As for seasons 3-9, those will be available through paid tiers on the service. For $4.99 per month you can get the subscription that comes with ads. For $9.99 you can stream your shows ad-free. For people who do sign up for Peacock Premium (a fancy way of saying the paid version of the streamer) you can also watch extended "Superfan Episodes" of The Office that contain formerly deleted scenes and other new footage.
“Having ‘The Office’ back in the NBC family opens up access to a lot of extra content that we originally shot,” said series creator Greg Daniels in a statement. “You can choose to watch the classic version of the show, or the superfan extended cuts with this new footage and other deleted scenes that we are gradually rolling out, starting with season 3.”
Peacock launched back in 2020, though it did so sans Office because that show has a contract that will keep it on Netflix through the end of 2020. Assuming people haven't had their fill, that could help NBCUniversal in the streaming wars since The Office has been the most-watched series on Netflix for multiple years. A(nother) big advantage for Peacock was also supposed to be the Olympics, but that was upended, like many things, by the pandemic.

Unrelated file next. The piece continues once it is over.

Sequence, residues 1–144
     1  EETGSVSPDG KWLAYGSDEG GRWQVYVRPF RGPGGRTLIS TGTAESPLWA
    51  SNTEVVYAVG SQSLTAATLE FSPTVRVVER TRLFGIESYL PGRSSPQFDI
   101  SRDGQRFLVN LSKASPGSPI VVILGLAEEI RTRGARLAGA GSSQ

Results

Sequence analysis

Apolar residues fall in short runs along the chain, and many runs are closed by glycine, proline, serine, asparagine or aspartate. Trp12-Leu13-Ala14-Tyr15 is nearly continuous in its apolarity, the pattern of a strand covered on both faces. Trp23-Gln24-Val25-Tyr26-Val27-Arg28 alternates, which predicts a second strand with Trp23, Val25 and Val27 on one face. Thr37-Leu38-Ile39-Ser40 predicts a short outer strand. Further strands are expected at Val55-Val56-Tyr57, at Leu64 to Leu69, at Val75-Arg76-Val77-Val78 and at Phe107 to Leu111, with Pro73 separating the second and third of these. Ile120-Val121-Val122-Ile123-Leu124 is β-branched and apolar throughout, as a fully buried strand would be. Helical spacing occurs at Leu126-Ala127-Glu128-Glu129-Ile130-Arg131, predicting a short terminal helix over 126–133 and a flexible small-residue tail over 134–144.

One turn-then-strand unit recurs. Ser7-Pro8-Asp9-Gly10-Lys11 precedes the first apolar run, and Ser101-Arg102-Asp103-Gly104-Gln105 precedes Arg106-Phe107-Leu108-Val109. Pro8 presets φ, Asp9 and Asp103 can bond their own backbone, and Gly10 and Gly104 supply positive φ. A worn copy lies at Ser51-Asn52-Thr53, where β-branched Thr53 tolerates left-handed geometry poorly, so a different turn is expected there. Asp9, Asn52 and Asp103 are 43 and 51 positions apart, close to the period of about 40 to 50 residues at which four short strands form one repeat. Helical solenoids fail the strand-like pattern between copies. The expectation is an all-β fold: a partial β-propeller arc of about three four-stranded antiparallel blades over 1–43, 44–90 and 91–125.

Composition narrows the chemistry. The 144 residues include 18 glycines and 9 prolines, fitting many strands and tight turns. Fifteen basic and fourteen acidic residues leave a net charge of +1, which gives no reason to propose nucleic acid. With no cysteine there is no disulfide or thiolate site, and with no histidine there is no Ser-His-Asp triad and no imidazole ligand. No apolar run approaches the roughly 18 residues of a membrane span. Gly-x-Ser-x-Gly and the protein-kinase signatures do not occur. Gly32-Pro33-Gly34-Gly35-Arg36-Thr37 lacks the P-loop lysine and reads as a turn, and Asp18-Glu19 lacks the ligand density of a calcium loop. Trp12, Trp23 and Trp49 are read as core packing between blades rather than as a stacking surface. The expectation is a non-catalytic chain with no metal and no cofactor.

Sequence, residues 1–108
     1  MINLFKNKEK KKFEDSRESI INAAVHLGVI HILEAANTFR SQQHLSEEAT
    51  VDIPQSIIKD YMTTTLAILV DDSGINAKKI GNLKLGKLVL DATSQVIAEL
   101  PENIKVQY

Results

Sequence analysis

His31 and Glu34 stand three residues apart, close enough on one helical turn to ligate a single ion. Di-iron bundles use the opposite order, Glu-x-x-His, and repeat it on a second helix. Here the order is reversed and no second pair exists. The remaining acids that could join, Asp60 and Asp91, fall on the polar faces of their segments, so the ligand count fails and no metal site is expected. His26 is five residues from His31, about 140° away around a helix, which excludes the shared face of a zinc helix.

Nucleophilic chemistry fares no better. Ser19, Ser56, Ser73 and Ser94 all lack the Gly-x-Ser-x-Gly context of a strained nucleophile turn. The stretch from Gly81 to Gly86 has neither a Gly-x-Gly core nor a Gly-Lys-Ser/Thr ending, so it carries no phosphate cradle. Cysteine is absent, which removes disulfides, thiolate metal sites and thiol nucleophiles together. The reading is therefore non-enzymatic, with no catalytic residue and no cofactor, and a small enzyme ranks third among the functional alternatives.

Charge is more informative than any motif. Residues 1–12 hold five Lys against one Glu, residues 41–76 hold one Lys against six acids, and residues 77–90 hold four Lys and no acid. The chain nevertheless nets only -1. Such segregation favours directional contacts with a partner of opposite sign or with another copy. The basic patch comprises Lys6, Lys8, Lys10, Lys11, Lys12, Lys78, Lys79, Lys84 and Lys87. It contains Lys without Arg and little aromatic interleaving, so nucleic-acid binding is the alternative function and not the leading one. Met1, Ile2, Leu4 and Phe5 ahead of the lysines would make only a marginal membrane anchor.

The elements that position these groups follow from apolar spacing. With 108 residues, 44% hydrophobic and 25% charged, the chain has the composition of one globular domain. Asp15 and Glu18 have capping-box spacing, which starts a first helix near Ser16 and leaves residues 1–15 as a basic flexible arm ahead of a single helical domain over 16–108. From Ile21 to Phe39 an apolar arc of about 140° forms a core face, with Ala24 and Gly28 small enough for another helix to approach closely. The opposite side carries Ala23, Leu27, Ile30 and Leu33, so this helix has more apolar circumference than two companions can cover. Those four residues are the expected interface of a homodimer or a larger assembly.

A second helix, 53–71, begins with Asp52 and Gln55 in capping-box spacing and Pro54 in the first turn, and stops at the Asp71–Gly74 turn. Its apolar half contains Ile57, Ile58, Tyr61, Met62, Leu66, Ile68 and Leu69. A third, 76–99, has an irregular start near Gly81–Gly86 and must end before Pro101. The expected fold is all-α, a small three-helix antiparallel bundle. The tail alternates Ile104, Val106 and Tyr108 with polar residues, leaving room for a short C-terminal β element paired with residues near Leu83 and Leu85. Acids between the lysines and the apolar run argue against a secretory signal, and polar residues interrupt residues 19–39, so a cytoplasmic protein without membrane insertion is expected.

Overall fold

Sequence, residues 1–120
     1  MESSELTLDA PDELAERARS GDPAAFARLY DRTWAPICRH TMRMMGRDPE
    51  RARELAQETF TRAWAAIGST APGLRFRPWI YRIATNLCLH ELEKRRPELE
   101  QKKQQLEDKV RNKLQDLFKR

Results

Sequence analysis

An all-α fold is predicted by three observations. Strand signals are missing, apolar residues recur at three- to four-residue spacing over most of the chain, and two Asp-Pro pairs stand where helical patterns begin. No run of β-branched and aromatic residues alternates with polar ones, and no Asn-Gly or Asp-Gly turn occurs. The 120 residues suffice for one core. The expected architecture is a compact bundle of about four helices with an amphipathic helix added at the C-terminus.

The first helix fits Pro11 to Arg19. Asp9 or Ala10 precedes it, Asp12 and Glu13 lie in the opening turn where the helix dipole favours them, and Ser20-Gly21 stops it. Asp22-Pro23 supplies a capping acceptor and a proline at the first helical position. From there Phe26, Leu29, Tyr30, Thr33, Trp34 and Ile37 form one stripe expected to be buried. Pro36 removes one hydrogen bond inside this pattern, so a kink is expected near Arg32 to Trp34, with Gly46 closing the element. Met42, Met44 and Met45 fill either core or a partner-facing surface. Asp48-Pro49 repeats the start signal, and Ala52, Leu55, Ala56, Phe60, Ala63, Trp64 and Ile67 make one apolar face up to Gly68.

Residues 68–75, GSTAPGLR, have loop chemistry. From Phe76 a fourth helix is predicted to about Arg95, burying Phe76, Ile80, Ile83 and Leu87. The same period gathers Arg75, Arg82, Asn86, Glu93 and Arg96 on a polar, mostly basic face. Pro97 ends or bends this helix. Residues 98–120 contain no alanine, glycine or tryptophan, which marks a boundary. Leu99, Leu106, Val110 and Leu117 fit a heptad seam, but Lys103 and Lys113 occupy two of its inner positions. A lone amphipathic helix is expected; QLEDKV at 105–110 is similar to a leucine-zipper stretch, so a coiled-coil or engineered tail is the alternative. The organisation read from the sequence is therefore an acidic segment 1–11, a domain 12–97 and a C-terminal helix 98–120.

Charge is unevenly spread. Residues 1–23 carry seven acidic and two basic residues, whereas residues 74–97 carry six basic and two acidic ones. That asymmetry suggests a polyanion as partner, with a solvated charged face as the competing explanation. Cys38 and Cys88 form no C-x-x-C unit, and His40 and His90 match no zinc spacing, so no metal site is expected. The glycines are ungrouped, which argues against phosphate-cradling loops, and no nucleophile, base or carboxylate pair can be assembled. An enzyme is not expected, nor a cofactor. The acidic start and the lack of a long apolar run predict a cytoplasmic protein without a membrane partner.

Reports state that, in 2019, NBCUniversal topped Netflix with a bid of $10 million more per season to get The Office on Peacock. It will pay a total of $500 million for the show's 201 episodes, and will be housed on Peacock for the next five years.
In September, NBCUniversal and Roku came to an agreement that allows for Peacock to be accessed on that distribution platform. NBCUniversal is said to be negotiating a similar carriage agreement with Amazon Fire TV.
In the same month, Comcast's chief executive, Brian Roberts, said Peacock has had 15 million people sign up for its service. Projections put forth at the beginning of 2020 estimated that 30-35 million active accounts will be up by 2024. So, uh, fingers crossed on that end for the bubble to remain un-bursted.